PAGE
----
it worked and see whom we may be able to contact. Well
all that was okay with him.
Wednesday rolled around; we had lunch and then went to the rig in the truck.
Great so far. All is going well. The rig works still!
I connect to several nodes and reflectors in the US and some on the other
side of the world. You know the part of the earth that is on the other half
of the globe.
I make the connects, listen for a minute to see if the node or reflector
connected to is busy or not, put out my call sign and a CQ and patiently
listen for someone to answer.
Nothing! Wow, is my radio repeating what I am telling it to? Hmm, something
must be wrong to have absolute silence after connecting to a half dozen
nodes and reflectors.
Jon, K7CO, whose node I was using, was listening to this during the whole
time. Jon and I went to the 04 repeater for a bit to discuss this. Well, he
ran a check on the system and found all okay. Meanwhile he had brought up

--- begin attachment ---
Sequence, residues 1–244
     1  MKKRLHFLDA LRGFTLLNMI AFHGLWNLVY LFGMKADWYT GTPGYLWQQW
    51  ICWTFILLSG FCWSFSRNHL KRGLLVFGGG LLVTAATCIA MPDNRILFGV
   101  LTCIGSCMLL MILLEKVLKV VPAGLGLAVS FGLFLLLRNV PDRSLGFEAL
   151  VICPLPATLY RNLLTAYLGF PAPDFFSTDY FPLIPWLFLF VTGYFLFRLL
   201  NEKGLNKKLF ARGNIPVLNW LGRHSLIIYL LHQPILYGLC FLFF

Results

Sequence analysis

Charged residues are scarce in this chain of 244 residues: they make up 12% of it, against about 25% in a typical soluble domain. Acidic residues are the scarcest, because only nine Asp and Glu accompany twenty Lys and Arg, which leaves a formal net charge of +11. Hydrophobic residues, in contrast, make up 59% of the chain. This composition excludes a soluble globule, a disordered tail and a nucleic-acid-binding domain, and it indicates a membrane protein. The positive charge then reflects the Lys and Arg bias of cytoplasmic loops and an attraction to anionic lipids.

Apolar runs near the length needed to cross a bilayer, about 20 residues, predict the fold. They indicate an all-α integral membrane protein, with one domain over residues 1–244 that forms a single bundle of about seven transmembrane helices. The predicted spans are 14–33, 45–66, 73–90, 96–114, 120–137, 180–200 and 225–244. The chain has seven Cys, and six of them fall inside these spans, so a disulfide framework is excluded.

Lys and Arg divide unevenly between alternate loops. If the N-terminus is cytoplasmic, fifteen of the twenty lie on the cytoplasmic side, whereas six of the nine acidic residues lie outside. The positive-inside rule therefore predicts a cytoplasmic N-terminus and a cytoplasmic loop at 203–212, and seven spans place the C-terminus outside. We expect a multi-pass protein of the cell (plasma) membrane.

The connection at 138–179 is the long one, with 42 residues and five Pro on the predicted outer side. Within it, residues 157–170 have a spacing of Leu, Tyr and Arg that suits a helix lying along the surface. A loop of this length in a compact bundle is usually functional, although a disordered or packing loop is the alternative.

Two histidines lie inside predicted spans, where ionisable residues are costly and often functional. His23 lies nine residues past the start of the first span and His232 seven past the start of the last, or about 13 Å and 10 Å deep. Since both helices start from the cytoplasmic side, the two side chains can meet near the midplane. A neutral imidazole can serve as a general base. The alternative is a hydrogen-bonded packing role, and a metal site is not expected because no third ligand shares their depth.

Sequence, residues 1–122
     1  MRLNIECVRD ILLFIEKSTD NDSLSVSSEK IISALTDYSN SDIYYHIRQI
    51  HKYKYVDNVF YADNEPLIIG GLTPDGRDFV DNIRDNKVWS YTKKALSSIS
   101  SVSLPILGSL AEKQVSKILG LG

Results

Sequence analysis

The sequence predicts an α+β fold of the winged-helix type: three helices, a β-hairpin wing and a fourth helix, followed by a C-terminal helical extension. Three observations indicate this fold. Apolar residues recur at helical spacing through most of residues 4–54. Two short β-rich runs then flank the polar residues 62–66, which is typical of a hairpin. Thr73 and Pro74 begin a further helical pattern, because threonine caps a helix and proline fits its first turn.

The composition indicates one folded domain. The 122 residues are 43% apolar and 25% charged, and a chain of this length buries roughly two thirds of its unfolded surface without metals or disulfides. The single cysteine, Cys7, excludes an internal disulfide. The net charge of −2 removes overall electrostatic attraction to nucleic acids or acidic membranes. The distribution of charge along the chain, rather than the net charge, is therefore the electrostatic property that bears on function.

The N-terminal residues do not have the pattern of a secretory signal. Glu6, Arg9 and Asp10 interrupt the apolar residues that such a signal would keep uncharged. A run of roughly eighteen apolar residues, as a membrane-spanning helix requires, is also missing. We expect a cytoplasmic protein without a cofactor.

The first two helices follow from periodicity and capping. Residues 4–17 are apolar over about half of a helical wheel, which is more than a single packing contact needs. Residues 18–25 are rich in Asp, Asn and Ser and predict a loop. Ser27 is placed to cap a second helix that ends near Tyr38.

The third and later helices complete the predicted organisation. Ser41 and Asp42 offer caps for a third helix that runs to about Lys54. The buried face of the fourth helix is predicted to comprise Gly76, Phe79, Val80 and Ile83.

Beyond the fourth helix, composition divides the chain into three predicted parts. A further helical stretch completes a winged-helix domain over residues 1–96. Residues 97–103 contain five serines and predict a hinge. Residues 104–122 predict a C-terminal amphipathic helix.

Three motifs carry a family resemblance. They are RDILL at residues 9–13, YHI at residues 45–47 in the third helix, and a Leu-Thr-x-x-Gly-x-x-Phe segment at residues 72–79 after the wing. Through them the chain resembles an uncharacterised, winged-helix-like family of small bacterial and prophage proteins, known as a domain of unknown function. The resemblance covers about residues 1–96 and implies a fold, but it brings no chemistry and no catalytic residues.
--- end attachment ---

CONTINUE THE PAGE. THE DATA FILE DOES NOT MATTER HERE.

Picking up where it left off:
the Indiana reflector.
Now what you have to keep in mind here is that my friend who is a non-ham
was sitting and listening to all of this as well, I had told him about this
neat contact in to Germany Tuesday on IRLP, right? Well now he is sitting
beside me in the truck and saying “Gary, are you sure you made that Germany
contact yesterday?” I am starting to feel about a foot tall you know what I
I switched back to Jon’s node, listened for a bit, put my call out on the
system and immediately got a response!
KL3RH from Anchorage, Alaska, came on. We chatted for a couple of minutes. I
found out that his name was Riley. At this time I started to see some
excitement coming from my friend Dan. The conversation continues with
finding out that Riley used to live in Salt
Lake City worked for Packard Bell and had moved to Anchorage about seven
Now my friend Dan is really getting excited and I am having a heck of a time
figuring out why he is sitting and saying, “Oh my heck” so I start asking